Wednesday, March 31, 2010
The Second part of my trip took me alone to New Zealand. I arrived in Christchurch on the afternoon of the 25th and picked up my campervan near the airport. It was a bit relaxed compared to places in the states. The van came with a sink, stove, cooler, table and bench/double bed. The front seat was also quite wide and could probably sit three people without too much hassle. But alas, I was alone!
So after getting some gas and eats, checking my maps, and making a couple wrong turns I was on my way out of Christchurch and into the mountains. The first day I just drove and drove as long as I could. The fact that the scenery was quite amazing, all highways were one lane affairs(2lanes, one each way), and I wasn’t yet comfortable driving the van meant that I was going a bit slower than I would end up doing on the way back. Also, bridges were one single lane! One! At first I was confused, but as it turns out many of the bridges in the region are like that. The reason I will explain later, but basically you come barreling up to this bridge at 100k and make a quick check to see if someone is coming the other way. If no one is coming you can go across, if someone is coming you have to wait on the other side of the bridge. This example should clearly illustrate just how few people there are in the country that one lane will suffice for a bridge.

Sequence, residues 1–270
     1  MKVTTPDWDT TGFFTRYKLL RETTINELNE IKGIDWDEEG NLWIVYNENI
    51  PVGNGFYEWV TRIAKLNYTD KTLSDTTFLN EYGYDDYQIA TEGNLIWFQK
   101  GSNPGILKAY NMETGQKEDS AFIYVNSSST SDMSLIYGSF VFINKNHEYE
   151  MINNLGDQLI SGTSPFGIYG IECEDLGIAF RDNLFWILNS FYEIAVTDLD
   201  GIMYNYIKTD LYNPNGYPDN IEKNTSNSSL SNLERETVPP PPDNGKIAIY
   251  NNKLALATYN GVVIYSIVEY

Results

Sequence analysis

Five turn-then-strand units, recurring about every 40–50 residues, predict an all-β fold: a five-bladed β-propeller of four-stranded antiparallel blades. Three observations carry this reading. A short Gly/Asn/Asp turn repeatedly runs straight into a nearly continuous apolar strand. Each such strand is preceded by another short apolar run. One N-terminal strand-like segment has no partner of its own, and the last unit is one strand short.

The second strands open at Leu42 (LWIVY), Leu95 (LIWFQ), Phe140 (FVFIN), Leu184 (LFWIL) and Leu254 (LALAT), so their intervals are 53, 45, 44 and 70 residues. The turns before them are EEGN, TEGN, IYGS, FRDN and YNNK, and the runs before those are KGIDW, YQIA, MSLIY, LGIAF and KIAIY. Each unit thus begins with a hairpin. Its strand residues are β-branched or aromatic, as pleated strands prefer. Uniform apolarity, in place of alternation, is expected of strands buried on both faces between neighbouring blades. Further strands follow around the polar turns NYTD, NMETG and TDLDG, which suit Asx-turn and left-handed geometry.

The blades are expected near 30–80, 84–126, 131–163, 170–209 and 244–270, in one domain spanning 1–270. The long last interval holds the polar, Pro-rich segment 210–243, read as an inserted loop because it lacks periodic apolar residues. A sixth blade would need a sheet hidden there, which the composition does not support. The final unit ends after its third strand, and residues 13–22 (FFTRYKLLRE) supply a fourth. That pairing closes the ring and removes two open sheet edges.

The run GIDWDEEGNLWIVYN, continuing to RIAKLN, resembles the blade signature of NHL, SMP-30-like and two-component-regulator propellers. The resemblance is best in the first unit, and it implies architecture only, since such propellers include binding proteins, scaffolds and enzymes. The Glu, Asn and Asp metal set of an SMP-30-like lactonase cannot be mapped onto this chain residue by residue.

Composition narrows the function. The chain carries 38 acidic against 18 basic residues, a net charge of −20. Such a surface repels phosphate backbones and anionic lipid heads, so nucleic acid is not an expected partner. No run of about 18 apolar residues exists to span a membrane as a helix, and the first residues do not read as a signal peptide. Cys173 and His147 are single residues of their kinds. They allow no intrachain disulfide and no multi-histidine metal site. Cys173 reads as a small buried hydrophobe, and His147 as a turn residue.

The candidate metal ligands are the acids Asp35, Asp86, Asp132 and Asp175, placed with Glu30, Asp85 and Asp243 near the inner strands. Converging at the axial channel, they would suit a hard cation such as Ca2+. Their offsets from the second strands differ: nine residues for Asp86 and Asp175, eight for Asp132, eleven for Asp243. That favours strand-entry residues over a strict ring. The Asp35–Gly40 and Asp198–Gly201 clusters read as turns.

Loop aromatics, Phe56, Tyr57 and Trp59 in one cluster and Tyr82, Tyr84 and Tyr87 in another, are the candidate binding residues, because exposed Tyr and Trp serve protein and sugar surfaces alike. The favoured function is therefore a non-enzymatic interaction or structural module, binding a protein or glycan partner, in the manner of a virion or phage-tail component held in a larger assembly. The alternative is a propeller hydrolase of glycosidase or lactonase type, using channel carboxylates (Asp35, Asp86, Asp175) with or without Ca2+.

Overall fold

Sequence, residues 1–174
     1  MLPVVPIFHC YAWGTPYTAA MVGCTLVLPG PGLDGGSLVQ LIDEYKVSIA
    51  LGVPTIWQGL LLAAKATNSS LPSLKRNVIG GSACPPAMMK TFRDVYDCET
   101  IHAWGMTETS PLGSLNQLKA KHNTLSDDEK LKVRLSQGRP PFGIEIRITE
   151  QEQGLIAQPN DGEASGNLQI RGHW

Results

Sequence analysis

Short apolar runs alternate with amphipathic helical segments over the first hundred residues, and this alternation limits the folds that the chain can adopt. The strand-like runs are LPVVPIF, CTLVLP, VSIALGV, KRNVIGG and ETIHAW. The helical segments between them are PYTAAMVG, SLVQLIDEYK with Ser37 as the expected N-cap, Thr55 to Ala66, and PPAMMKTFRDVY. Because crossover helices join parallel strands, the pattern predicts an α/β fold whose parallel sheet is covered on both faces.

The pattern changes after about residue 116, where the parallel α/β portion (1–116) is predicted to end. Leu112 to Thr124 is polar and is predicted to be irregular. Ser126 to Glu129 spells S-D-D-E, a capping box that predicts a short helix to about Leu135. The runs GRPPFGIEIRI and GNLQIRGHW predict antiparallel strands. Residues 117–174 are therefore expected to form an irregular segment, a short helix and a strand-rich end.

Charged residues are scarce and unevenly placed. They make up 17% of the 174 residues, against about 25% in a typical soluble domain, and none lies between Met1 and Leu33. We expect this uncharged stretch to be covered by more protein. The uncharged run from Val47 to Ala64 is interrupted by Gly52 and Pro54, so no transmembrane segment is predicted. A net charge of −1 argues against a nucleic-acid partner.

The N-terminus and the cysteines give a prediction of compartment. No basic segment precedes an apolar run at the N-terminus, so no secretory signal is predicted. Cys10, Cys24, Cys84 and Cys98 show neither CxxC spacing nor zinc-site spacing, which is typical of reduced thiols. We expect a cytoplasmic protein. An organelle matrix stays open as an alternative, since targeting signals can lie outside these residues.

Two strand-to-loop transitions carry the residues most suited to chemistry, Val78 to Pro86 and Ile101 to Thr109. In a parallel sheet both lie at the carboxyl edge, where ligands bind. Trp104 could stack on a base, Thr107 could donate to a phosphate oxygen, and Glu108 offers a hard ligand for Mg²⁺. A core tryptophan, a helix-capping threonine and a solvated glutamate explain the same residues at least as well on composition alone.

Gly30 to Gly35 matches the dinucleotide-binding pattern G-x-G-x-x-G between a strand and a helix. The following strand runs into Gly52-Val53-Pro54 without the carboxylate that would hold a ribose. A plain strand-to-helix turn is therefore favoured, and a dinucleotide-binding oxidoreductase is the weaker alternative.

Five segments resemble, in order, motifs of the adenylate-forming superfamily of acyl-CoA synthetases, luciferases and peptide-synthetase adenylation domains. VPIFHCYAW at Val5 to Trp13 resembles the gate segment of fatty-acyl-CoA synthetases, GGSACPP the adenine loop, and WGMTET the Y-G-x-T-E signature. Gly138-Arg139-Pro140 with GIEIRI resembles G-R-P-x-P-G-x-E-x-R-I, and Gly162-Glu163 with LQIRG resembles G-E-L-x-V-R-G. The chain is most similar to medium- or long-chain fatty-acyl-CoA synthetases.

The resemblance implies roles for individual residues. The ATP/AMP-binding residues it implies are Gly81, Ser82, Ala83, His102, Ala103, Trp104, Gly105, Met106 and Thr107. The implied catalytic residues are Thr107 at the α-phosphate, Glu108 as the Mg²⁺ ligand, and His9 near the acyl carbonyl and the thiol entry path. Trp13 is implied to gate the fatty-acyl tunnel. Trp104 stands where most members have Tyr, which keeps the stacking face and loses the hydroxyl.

I put the pedal down as much as I could and only stopped once for about 3 minutes that day. I made it through Arthur’s Pass and on to the west coast just as the sun was starting to get low. That wasn’t going to stop me however. I pushed on as far as I could and around 730 noticed with a bit of panic that my gas was very low. In New Zealand there aren’t that many people and hence not a whole lot of gas stations. As I made my way through a town called Hari Hari I spotted one and shot in determined to fill up and press on with the last precious few minutes of day light, Franz Josef was only about 50k away. The station was closed. So I turned back into town and went to the only place that I could make out as a business which turned out to be a bar/liquor store/ restaurant/ hotel/ camper park. So I paid for a parking spot and then went inside for a meal and a beer. No one was unfriendly to me, but there was a feeling that I was set apart. So I finished up quick and asked the bar tender what time the station opened before heading to my van, 8am. I thought, “No worries”. The station opens at 8, I have to be to Franz Josef at 845 and I was making an average of 90kph so I could make it.